Last year was pretty hairy in the UK channel and some of the early signs so far this year are equally grim. Distributors have a pivotal role in maximising the optimal conditions for resellers.
Some 285 channel businesses died in 2012, the most in a year since 2003. Several pretty impressive names disappeared: retailers such as Comet and disties including SDG. Consolidation too saw the likes of VIP swallowing Realtime, and C2000 picking up SDG's remains for a snip.
Where will it all end? Will 2103 be any better?
It is likely we are seeing a lull in the storm, rather than the beginning of the end. It could well get worse. Having said that, since we are looking ahead, in a market where what happens is incredibly dependent on the winds of change, we do not know anything for certain.
So we need to examine the facts before we make any market predictions and chart our courses for the coming year.
One of the overlooked facts is that although the scale of casualties is similar, the underlying conditions are slightly different now than in 2003. Back then it was a question of desktops vying with laptops for the customer's attention.
Now the main battle is between laptops and tablets.
However, the real change is in the supply of money.
Christmas can give ailing companies a shot in the arm, but merely postpones the inevitable.
Many limp into January before they eventually run out of funds and expire. But could we see more companies than usual going to the wall in the end of the first quarter of 2013?
Will the banks become even more cautious and pull the rug from under even more businesses?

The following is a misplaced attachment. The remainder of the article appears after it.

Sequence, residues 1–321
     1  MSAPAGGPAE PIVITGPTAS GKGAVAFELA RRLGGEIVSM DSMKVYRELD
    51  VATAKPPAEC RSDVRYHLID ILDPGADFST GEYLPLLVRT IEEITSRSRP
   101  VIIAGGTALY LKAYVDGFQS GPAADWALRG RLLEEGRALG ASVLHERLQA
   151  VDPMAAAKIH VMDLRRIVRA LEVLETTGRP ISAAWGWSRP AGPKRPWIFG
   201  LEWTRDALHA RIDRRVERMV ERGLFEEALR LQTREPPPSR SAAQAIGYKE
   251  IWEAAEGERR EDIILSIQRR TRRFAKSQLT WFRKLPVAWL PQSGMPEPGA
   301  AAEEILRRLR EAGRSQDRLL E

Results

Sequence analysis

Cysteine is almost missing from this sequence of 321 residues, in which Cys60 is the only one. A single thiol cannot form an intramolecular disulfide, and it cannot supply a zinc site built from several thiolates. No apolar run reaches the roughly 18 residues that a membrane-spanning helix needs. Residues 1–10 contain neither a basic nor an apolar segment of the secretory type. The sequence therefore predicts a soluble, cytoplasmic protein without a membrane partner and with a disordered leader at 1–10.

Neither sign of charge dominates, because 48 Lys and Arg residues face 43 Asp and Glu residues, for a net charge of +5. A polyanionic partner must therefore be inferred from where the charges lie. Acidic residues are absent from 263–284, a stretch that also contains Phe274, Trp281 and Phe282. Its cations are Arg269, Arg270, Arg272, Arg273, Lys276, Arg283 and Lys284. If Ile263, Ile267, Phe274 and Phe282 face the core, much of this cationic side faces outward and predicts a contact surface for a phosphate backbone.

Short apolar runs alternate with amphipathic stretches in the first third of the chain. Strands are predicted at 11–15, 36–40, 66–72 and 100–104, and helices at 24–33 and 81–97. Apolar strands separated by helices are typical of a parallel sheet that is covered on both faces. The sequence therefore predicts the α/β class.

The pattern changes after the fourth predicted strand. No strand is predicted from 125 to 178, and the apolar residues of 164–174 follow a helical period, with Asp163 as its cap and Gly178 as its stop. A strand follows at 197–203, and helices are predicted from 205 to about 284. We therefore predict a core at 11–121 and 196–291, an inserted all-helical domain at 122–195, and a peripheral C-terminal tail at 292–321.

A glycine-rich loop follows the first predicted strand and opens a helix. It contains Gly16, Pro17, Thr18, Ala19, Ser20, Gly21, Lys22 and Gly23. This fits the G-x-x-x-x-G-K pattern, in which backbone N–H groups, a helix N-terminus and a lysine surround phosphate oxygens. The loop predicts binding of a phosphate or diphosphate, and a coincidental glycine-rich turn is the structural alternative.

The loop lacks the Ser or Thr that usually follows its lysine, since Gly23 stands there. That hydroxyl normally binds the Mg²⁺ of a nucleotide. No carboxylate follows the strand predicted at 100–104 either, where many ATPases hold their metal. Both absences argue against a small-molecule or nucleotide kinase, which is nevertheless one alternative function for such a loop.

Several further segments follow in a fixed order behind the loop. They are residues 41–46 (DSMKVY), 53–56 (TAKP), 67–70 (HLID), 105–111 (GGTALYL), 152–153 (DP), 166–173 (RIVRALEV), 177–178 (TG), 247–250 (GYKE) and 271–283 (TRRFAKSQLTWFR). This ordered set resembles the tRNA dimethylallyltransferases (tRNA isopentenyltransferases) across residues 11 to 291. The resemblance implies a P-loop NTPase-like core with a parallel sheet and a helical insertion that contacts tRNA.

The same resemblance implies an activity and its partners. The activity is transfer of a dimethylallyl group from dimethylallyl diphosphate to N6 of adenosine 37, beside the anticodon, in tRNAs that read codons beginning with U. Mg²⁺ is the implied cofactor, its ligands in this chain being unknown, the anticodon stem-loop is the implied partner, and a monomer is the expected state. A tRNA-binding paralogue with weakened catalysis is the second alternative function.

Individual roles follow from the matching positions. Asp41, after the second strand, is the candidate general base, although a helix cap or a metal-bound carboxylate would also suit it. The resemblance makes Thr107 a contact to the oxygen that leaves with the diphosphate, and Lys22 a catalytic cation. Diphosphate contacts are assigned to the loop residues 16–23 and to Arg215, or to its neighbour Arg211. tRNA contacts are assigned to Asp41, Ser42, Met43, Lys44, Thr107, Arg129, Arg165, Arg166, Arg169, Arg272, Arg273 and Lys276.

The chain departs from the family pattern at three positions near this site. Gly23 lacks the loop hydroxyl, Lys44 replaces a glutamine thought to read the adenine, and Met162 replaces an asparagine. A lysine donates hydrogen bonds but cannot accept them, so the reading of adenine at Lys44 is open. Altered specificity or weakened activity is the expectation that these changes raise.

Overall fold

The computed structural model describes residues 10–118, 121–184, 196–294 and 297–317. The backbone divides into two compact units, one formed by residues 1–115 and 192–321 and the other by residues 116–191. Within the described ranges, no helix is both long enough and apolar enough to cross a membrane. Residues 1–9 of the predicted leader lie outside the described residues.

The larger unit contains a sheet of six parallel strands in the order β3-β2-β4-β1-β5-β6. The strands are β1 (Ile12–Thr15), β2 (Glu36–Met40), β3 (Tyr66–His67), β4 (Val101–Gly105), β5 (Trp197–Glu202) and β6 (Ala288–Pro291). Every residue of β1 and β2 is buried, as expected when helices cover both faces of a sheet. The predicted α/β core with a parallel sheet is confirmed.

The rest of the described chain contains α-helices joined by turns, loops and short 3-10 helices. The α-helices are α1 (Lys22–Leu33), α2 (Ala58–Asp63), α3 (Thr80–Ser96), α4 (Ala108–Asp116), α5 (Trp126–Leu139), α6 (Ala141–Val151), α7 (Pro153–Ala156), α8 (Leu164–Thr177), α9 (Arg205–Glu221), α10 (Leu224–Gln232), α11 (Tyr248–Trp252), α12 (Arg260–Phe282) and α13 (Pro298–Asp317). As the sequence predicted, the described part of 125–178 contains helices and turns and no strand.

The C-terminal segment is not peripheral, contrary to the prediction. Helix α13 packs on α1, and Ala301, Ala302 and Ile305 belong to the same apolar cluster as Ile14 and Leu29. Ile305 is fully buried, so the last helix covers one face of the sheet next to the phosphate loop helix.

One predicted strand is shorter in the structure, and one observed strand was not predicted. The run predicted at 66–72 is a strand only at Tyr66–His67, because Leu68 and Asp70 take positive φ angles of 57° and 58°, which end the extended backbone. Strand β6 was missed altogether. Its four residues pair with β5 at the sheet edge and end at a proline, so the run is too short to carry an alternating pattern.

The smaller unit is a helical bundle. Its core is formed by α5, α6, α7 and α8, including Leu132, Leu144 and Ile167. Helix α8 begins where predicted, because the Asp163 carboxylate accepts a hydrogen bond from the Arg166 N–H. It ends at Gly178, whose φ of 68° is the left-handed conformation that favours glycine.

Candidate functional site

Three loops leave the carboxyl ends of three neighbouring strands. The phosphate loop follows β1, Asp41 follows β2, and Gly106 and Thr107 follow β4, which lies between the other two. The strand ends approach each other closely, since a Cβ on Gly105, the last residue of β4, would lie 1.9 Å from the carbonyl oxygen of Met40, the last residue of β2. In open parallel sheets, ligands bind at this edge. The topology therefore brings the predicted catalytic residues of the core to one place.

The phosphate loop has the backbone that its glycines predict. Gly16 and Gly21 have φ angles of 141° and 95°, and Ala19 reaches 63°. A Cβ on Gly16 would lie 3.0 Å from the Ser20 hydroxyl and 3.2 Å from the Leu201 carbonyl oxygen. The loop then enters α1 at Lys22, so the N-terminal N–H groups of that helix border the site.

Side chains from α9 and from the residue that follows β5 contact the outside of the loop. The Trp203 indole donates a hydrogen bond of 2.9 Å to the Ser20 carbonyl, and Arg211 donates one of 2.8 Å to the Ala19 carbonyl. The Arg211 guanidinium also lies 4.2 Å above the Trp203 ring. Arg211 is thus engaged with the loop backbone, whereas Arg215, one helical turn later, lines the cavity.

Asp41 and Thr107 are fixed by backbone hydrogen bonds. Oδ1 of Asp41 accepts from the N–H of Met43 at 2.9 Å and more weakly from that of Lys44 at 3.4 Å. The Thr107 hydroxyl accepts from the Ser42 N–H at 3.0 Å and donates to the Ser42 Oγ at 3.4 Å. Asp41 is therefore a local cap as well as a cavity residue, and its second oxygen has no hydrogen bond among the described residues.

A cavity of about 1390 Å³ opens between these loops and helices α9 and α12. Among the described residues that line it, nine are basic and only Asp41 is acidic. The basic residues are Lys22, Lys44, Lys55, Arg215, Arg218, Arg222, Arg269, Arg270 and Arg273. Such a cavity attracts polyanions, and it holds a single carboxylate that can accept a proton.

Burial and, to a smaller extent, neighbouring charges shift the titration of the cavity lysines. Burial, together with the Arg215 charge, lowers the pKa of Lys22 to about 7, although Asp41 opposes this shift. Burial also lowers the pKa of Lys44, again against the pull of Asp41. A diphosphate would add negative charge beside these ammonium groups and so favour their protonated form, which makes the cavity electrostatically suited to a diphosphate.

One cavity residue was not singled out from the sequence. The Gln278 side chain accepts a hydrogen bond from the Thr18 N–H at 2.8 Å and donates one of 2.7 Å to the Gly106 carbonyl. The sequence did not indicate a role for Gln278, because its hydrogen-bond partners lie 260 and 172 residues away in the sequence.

Distributors have always borne some of the burden of underwriting credit risks and generally financing their resellers, but now, according to our study, the expectations of them are becoming higher as well.
Certainly, the collapse in the PC business has not helped resellers, and then there is BYOD. According to our study, based on 465 reseller respondents, PC unit sales growth has continued to fall sharply and Q3 2012 saw a particularly dramatic downturn.
Excess inventory built up in the channel, and there were sales drops in July and August. In July, sales fell 26.1 per cent.
Further, it seems the back-to-school period did not spark any rediscovery of the joys of PCs -- most likely because tablets had supplanted them in many people's hearts.
Chart (In Euros): Panel quarterly revenue, % share, by industry sector
© Copyright Context 2013
But tablet sales and software sales are up. The even cheerier news is that the UK seems to be doing better than most of its European allies. Sales of tablets and telecoms (66 per cent up in Q3 2012) have carried on rising and there is optimism about growth in the services space.
Why have UK resellers weathered the storm better? Is it because the UK is the banking capital of the world and our technology sector gets better support? Our research suggests not. According to feedback that we have received, it is the distributors that provide invaluable financial underpinning.
As resellers plan to survive the year ahead, they look to their distributors to improve technical support and shorten delivery times in the future.
However, the overriding need is backup, through sales and marketing support, according to our studies. So the most invaluable assistance of all, our round-up would suggest, is the financial support the distributors must continue to offer the channel. The good news is that distributors seem in many cases to be following through.
Chart: Monthly YoY sales of PC units through distribution
© Copyright Context 2013
Jeremy Davies is chief executive and co-founder of Context
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